Kenya’s Quiet Shopper Revolution
Private brands and online shopping promise to turn Kenyan retail on its head, especially if their potential for disruption is realized fully.
Driving both trends is the 21st century Kenyan shopper. A savvy buyer who is largely responsible for a double revolution in Kenyan retail: first by supporting the supermarket innovation of private labels (products sold under the supermarkets own name), and now by opting for technology enabled online shopping.
As revealed in the latest Reja Shopper Report from Consumer Insight, 77pc of shoppers have become acutely aware of ‘unbranded’ products and are increasingly opting to buy them, to the loss of traditional brands. Kisumu city, with 84pc awareness, curiously leads the country in this area.
For supermarkets, Tusky’s benefits from the highest (53pc) shopper awareness of house-brands, followed by erstwhile leader, Nakumatt, at 41pc. Uchumi, the sole listed supermarket, enjoys 33pc awareness, just above Naivas.
Food is by far the largest private label category – mostly sugar, bread and rice– and is responsible for the top five of own-branded items. Following are household and personal care items, making an altogether strong trio.
While good for the supermarkets, and their shoppers, the shift has meant complex times for brand owners forced to compete; especially for those facing delisting from the shelves.
But for every brand feeling the pressure in store, there’s another that has strategically chosen to ‘take it outside’, and reach shoppers through dukas and kiosks. This most traditional path should not be ignored –it has created giants: Safaricom, the telecom firm, for example. Higher frequency plus low value, smaller stock units are the winning strategy here.
Still, shop-led strategies are not cheap; the top duka-brands – Safaricom, Colgate, Blue-Band – are also owners of magnificent marketing and distribution systems. Maintaining these adds significant costs to company budgets. Costs that make in-store pressure pale in comparison. Little wonder some brands have turned to a more disruptive, if affordable, alternative: online selling.
A quieter, less visible shopper trend, online shopping has recently become a viable option, driven by mobile-internet growth. The leading e-commerce sites revealed in the study were Africa’s OLX and Jumia, with 38pc and 16pc of shoppers respectively terming them ‘favourites’. Both have won a slice of market-share through relentless TV and radio advertising. Amazon, with no supporting media campaign, still achieved10pc favourite-site status. Facebook, the giant social networking site did equally well, but with fewer repeat buys.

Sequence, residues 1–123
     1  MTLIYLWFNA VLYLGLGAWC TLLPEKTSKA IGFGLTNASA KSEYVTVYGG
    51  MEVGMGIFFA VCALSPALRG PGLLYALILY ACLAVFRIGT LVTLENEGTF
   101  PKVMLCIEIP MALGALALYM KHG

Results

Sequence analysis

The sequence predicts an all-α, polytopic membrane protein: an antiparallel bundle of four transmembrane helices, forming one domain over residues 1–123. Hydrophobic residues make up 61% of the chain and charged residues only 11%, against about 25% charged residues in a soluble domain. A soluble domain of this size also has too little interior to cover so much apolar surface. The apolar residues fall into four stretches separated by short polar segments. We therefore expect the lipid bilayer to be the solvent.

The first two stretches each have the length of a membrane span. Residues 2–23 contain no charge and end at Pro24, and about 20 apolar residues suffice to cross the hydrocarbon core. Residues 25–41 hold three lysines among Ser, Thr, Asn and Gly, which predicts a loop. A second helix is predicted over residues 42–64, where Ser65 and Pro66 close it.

Categories that dominate online shopping in Kenya are similar to those worldwide; clothes, personal grooming items and electronics - computers and computer games. Airline tickets (18pc of purchases) and software (36pc) are the top services sold online.
Attracting Kenyan shoppers online area trio of factors: the opportunity to save time (68pc), almost unlimited choice (40pc) and 24-hour availability (66pc). Convenience clearly has its charms.
One major challenge facing online retailers is traffic acquisition, numbers are simply too low to justify overheads. With 87pc having a working internet connection, there is still no stampede. So what is holding back the market?
More than half said they are aware of online shopping, but many (38pc) simply ‘don’t know how to shop online’ and others are ‘happy with off-line shopping’. Of more concern is the relatively high 24pc who fear fraud. Only 13 pc said “a lack of internet” stopped them shopping online. Perhaps the tipping point will come when users are educated better about the benefits, or offered radically different shopping experience than they are accustomed to. Online remains a space to watch keenly.
Overall, the Reja Study captures these fairly recent trends – private labels and online shopping – which, beginning less than four years ago, are proving to be the frontline of retail evolution in Kenya. Together, they reflect the rising influence of shopper and supermarket power.
The report also defines the emergence of a new, young and aspiring (but price sensitive shopper) as they navigate their world. Success in engaging this segment will determine which brands take-off, and which brands sink.
About Reja Research Study
REJA is a shopper behaviour study that gives insights on why consumers choose certain products and brands over others. Respondents are interviewed as they exit Kiosk, Duka’s and Supermarkets. A total of 2235 shoppers were interviewed across 10 major towns.
Further information on the study can be obtained by contacting:
Tel: 020 2146540 or 0727 375045